Let there be light! Fiat lux!
We used the McPherson 251MX soft x-ray spectrograph with aberration corrected gratings for improved performance AND collected deep UV spectra with a new EAGLE XO 4710 direct-detection CCD from Raptor Photonics in Northern Ireland. The 251MX is equipped with the new 120 g/mm diffraction grating that provides great wavelength coverage, 50~200 nanometers or more on a 25 mm wide sensor. The Raptor-Photonics EAGLE XO uses a 1024 x 1024 sensor with 13 micron square pixels (13.3 mm wide). It intercepts and sees about 80 nm wavelength range simultaneously. We did not need to use the deep cooling capability to see mercury emission at 184.9 nm or the complete deuterium atomic emission spectrum. We were pleasantly surprised that this combination of direct-detection CCD and grating allows for simplified setup too!
#SXR #softXray #spectrograph #spectrometer #ultraviolet #CCD #camera #laser #optics #diffraction #UHV #OES #spectroscopy #hhg #fel #quantum #raptorphotonics #eagle #photemission #opticalemission #photoelectric #mcpherson #monochromator #calibration
Anodes made from solid materials are used in the McPherson electron impact source for photo excitation and physics experiments in the SXR and XUV regime. They are excited by an e-beam with adjustable power. By calculating the penetration depth of exciting electrons, we can visualize the volume of emitting area! The electrons interact with the anode material and consequently decrease energy. Elastic and inelastic scatterings along the electron beam are described with the Bethe equation in power law . The penetration of incident electrons is determined by ‘electron stopping power’ that decreases with increasing atomic number. Penetration depth of incident electrons is given by the Kanaya-Okayama formula .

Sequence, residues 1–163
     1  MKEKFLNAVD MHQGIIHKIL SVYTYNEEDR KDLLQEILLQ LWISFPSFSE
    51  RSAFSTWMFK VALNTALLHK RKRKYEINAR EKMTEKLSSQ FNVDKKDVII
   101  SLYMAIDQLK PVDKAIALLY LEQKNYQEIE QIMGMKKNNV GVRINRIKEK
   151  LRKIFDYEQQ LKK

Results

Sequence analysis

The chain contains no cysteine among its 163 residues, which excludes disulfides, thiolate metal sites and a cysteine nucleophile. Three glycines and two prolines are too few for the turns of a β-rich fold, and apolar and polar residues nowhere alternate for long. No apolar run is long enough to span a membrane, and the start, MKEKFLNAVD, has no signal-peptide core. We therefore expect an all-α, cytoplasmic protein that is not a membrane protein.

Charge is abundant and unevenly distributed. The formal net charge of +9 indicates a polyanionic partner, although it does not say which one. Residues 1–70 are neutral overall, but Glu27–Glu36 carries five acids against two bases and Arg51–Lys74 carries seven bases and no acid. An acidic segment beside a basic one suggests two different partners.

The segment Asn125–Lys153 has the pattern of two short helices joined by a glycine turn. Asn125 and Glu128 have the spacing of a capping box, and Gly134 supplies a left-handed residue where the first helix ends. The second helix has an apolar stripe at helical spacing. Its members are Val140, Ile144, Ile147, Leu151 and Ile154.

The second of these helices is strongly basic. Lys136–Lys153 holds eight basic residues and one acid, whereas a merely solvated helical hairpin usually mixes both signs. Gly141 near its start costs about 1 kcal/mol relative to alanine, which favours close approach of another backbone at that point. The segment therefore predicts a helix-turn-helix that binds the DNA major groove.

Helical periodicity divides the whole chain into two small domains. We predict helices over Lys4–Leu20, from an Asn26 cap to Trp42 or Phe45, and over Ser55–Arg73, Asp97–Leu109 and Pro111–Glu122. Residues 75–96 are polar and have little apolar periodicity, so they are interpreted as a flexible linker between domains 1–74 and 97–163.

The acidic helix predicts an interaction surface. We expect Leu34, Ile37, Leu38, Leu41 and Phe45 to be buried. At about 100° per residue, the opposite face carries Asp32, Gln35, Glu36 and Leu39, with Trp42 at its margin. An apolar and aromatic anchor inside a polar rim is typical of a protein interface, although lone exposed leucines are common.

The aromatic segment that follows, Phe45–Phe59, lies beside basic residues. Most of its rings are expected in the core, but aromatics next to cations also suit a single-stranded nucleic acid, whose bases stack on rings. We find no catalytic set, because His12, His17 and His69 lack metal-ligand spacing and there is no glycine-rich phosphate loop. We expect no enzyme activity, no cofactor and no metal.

Ready for some fun? = R = 0.0276 * A * Eo^n / (z^0.89 * p)
R penetration depth, A atomic weight (g/mole), Eo electron beam energy, Z atomic number, p density (g/cm)^2, and n a constant, ~1.35 when the primary beam energy is < 5 keV, and be 1.67 when > 5 keV
#spectrometers #monochromators #optics #metrology #electromagneticspectrum #laser #xray #xuv #sxr #physics #quantum @nasagoddard @chandraxray
We also build metrology equipment for spectroscopy applications in the deep ultraviolet wavelength region. These are generally spectrophotometers with optimized optical design and coatings, capable of operation with vacuum or inert gas purge. Spectrophotometry is a branch of electromagnetic spectroscopy concerned with the quantitative measurement of the reflection or transmission properties of a material as a function of wavelength.  This is how our customers use it too! Our most basic Vacuum Ultra-Violet Analytical Spectrophotometer (VUVAS, pronounce ‘voo-vaas’) can easily measure transmission in the 120~350 nanometer range. Also, reflection with goniometric control of sample and detector angles. We can measure reflection coatings at just about any angle and also dispersive optics, like diffraction gratings.
The spectrophotometer systems can also be built up with different light source and monochromator sub components. One such alternate version with different monochromator/light source configuration works to 30 nanometers.  This system uses windowless light sources so a good working range is something like 30~160 nanometers. Pushing further to the soft x-ray and extreme ultraviolet is also done. These systems are built around grazing incidence monochromators that can reach short wavelengths, < 1 nm (!), using the electron impact x-ray source and glancing angle optics.